After a steady-as-she-goes three years at the helm of Thailand’s fiscal ship, two words sum up the challenge facing the country’s finance minister Apisak Tantivorawong: political risk.
In our annual study of finance ministers, Tantivorawong's lacklustre preparation to counter the blowback from political headwinds provides the backdrop for a drop of two places in his league positioning to 10th place from 8th last year.
A recent abortive and unprecedented attempt by Princess Ubolratana Rajakanya to run for prime minister in elections this year after a half-decade of military rule, compounded by the continued influence of the exiled prime ministerial sibling double-act of Thaksin and Yingluck Shinawatra, has plunged the country into yet another round of political uncertainty.
Up to this point, Thailand’s economy had been ticking over relatively well under Tantivorawong’s stewardship following the military coup d’etat of 2014, which installed the National Council for Peace and Order led by ex-army general strongman Prayuth Chan-ocha.
Prior to that, the Thai economy had consistently missed government targets, the result of sluggish exports and domestic demand.
In 2015, Tantivorawong, a former chairman of the state-owned Krung Thai Bank, was appointed to the Ministry of Finance by Prayuth with a brief to boost economic growth in a bid to shore up the popularity of the military junta as the country prepared for elections.
Against this backdrop Tantivorawong – considered by many to be a no-frills, safe pair of banking hands – presided over a degree of economic expansion, with GDP growth reaching 3.9% in 2017.
That picked up further last year thanks to growing private consumption and investment, bolstered by state-wide infrastructure programmes.
Although economic growth dipped to 3.3% year-on-year in the third quarter as broader trade concerns weighed on exports, this was preceded by a strong start to the year in which the economy expanded by 4.9% and 4.6% year-on-year in the first and second quarters, respectively.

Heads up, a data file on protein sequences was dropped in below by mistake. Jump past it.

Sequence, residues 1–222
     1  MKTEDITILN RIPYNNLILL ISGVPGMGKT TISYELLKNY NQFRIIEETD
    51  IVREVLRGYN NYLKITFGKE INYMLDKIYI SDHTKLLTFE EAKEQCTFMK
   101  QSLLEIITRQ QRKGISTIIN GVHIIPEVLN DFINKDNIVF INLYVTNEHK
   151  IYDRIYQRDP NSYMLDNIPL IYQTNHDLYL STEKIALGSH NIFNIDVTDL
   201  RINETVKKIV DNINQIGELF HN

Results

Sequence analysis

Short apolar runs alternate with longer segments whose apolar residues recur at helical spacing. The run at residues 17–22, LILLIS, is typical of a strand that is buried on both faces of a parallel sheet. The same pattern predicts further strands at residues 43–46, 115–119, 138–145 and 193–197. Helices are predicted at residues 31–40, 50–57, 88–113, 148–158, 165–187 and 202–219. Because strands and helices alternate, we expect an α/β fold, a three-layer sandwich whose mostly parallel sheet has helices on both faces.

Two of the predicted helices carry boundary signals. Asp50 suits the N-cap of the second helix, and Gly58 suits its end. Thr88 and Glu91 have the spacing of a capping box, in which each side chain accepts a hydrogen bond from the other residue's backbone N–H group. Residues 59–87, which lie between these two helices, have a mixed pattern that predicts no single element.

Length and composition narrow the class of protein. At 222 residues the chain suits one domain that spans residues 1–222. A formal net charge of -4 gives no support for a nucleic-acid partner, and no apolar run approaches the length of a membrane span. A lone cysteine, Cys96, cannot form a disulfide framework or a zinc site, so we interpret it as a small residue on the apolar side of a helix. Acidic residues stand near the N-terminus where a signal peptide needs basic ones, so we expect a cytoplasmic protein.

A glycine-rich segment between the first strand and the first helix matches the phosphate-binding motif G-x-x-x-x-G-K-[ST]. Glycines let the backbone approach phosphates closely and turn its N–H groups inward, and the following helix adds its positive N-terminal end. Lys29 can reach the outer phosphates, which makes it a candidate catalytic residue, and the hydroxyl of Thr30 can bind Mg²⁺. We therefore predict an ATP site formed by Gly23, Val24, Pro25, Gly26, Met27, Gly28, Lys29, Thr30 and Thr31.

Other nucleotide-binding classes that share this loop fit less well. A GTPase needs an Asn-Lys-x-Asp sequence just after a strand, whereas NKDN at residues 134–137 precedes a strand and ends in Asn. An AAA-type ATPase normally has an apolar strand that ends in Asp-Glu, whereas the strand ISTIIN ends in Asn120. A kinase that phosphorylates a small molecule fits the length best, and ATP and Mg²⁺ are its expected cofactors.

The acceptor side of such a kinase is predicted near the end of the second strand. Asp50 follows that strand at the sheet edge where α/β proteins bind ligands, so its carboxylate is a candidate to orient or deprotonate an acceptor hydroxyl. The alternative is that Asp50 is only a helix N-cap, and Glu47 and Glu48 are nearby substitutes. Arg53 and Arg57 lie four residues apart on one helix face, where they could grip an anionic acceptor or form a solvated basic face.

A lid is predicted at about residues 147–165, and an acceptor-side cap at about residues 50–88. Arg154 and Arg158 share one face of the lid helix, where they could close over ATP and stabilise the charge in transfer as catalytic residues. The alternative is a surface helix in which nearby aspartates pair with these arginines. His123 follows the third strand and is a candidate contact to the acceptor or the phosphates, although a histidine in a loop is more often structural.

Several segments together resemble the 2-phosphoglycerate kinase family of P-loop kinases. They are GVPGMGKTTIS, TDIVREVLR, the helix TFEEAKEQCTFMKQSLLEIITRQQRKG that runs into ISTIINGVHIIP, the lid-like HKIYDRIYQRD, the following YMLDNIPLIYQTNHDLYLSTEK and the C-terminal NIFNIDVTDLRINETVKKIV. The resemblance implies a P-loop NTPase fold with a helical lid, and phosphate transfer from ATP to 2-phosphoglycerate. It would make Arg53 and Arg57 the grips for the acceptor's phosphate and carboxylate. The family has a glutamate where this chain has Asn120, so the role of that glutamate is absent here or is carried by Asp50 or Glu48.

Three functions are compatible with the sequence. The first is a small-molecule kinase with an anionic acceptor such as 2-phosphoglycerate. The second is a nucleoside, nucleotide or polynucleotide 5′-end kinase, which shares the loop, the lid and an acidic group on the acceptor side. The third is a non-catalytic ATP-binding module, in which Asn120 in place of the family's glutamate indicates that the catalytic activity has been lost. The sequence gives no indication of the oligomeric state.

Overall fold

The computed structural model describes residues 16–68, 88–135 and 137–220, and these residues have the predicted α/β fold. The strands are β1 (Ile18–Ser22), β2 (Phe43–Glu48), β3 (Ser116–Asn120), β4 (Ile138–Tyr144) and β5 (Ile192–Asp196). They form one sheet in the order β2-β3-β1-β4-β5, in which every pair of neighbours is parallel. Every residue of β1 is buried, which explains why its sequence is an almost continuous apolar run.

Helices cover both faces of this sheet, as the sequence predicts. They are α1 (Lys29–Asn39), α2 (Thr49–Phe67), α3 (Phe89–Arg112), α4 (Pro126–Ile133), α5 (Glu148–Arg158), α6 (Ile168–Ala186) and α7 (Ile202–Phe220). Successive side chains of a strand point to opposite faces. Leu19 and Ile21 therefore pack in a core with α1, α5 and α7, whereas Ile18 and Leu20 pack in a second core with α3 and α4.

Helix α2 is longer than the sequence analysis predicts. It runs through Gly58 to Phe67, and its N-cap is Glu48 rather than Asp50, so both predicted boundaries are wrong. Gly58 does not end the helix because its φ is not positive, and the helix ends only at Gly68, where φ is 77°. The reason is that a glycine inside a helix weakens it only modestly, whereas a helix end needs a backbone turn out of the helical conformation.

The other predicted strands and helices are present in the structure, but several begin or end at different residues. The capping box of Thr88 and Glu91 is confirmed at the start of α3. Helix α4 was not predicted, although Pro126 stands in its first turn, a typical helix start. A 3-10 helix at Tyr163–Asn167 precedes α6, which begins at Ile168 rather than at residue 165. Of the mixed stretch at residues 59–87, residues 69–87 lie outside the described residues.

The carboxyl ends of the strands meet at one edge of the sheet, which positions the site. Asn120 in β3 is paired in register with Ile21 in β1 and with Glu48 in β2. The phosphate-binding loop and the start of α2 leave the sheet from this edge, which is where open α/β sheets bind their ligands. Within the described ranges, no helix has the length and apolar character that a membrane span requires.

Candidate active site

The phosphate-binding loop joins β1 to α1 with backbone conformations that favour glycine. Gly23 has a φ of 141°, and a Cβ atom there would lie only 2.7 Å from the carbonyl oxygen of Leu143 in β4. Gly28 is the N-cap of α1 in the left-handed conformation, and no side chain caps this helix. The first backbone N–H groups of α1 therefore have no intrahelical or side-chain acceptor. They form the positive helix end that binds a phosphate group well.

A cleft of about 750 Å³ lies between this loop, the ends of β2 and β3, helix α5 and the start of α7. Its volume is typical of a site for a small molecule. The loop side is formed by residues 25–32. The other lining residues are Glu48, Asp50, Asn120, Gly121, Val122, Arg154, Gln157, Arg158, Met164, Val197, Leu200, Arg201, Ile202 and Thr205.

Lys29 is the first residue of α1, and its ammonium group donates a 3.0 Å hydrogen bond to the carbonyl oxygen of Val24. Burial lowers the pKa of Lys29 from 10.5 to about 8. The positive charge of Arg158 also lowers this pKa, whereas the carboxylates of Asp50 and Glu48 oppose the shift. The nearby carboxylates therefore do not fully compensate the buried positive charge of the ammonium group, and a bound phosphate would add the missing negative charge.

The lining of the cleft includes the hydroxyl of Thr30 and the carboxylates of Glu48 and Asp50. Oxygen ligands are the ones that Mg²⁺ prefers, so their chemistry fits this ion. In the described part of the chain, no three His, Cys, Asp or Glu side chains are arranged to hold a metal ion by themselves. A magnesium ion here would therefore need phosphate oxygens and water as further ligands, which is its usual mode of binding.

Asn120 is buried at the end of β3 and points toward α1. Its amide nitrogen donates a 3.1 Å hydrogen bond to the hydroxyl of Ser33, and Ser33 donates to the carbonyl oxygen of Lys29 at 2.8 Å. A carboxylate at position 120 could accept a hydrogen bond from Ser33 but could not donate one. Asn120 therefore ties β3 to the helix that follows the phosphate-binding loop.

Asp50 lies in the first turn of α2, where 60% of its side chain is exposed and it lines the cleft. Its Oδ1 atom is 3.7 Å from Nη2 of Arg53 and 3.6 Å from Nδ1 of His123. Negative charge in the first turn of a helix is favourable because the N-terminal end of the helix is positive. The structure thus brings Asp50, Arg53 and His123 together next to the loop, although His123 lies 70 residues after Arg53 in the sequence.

At present, the country also boasts a current account surplus of 7.8% of GDP and has reserves worth about $235 billion.
The threat of growing internal risk factors in addition to external uncertainty fuelled by the Sino-US trade war and a slump in tourism were clearly on Tantivorawong’s mind when addressing the Thai media mid-February.
“The peak of the current economic cycle was during the first two quarters of last year, followed by an acute slump in the third quarter," Tantivorawong said at that time. "Given that consumption and private investment are still continuously growing, we expect the economy to continue to grow in 2019, but at a slower pace.”
In its latest investor report – which preceded the recent unsettling events around the princess’ unprecedented and quick-to-unravel political intervention – ratings agency Moody’s said that it expected Thailand to “sustain its relative fiscal strength and robust external position against a backdrop of more muted GDP growth ahead." But it also noted how the relative political uncertainty in Thailand had held back investment.
That is something Tantivorawong has so far done little to help counter. Whether he has the political wriggle room to do so, though, is a moot point.
As Punchada Sirivunnabood, assistant professor at Mahidol University’s Faculty of Social Science and Humanities near Bangkok, put it: “It’s a scary time ahead, recent events prove that political polarisation is still there, and is more deeply rooted in the country than before.”